“Mr. Simon,” Click the youtube link
Ken Medema (born December 7, 1943 as Kenneth Peter Medema in Grand Rapids, Michigan) is a composer–singer–songwriter who has been performing in the United States, Canada, and Europe for more than thirty years. Ken Medema was born almost blind; his eyes let him tell light from shadow and look at outlines of major objects. He began playing the piano when he was five years old, and three years later began taking lessons in classical music through braille music, playing by ear and improvising in different styles. In 1973, he began performing and recording his own songs. His lyrics generally provide social commentary on themes such as justice, hunger, poverty, homelessness, and Christian charity as it pertains to them. He has published a total of 26 albums, the first of which he recorded for Word and Shawnee Press, and then went on to found Brier Patch Music in 1985. Through Brier Patch Music he organizes and schedules his events, as well as publishes his music. Performances regularly include songs improvised both musically and lyrically by accepting audience recommendations, sermon topics, or guest speaker stories as their basis. He performs in national and worldwide (church) congregations, campuses, youth gatherings, and annual assemblies. He lives in San Francisco, California. http://en.wikipedia.org/wiki/Ken_Medema This featured song, “Mr. Simon,” is based on the words of Jesus as found in Luke 18:10-14, ESV.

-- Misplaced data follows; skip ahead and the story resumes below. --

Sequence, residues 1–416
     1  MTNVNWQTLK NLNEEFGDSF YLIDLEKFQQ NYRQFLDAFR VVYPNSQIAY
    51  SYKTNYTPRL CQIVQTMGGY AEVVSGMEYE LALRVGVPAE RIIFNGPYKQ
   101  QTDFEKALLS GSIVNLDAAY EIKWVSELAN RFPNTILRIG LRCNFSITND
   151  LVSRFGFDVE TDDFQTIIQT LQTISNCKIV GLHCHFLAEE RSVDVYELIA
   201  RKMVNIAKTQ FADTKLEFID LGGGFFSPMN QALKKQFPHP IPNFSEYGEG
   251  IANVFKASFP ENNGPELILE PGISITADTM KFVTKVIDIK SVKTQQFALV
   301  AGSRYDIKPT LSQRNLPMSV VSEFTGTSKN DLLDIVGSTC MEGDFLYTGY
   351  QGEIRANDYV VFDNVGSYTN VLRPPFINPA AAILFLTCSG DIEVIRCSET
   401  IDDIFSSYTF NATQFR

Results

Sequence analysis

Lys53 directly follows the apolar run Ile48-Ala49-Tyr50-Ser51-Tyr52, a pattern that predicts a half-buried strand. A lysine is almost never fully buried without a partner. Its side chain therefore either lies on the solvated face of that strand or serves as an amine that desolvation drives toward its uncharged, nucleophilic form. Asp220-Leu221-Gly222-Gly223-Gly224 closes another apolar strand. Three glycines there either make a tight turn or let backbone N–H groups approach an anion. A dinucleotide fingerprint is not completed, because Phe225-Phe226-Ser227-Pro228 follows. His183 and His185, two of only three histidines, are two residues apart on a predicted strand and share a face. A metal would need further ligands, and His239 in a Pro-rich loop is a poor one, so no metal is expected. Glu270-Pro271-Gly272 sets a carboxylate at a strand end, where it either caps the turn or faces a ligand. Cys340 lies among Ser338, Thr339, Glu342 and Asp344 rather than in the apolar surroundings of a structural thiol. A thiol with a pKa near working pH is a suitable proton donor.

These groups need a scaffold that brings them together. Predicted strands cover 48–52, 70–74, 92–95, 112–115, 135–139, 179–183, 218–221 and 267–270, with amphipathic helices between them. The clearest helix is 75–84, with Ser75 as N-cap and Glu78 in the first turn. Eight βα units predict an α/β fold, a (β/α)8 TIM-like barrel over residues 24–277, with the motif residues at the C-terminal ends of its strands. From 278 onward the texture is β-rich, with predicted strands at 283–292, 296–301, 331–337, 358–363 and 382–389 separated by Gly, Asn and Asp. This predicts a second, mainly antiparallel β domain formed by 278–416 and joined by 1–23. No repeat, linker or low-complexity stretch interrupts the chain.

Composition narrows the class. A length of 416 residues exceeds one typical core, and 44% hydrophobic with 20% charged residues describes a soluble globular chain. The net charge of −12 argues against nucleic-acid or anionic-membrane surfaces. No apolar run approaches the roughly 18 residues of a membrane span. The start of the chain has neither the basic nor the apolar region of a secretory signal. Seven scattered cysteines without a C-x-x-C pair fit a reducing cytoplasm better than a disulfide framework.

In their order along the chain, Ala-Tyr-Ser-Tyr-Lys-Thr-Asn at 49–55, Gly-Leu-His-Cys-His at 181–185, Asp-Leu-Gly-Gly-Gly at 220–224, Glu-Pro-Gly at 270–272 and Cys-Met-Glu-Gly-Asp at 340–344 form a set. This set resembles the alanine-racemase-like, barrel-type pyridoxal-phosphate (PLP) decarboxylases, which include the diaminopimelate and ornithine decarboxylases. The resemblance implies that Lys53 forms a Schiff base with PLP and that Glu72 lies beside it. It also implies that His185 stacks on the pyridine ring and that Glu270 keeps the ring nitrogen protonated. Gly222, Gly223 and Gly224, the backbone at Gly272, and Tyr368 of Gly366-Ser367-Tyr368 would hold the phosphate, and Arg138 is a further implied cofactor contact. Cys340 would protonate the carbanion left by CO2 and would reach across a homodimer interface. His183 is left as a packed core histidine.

“Two men went up into the temple to pray, one a Pharisee and the other a tax collector. 11The Pharisee, standing by himself, prayed thus: ‘God, I thank you that I am not like other men, extortioners, unjust, adulterers, or even like this tax collector. 12 I fast twice a week; I give tithes of all that I get.’ 13But the tax collector, standing far off, would not even lift up his eyes to heaven, but beat his breast, saying, ‘God, be merciful to me, a sinner!’ 14I tell you, this man went down to his house justified, rather than the other. For everyone who exalts himself will be humbled, but the one who humbles himself will be exalted.”
Bryan’s note: I guess there is a touch of sarcasm in this song, but never delving into cynicism. He communicates the very real world of hypocrisy and acceptance in the life of the believer. This is not a classic worship song, but is a song that starkly reveals the iniquity of our hearts as we approach the presence of God. Perhaps this touch of sarcasm is a definite weapon of choice in exposing the hypocrisy that confuses us. The CCM Music Index on Brokenbelievers can be found at: https://brokenbelievers.com/classic-christian-music-index/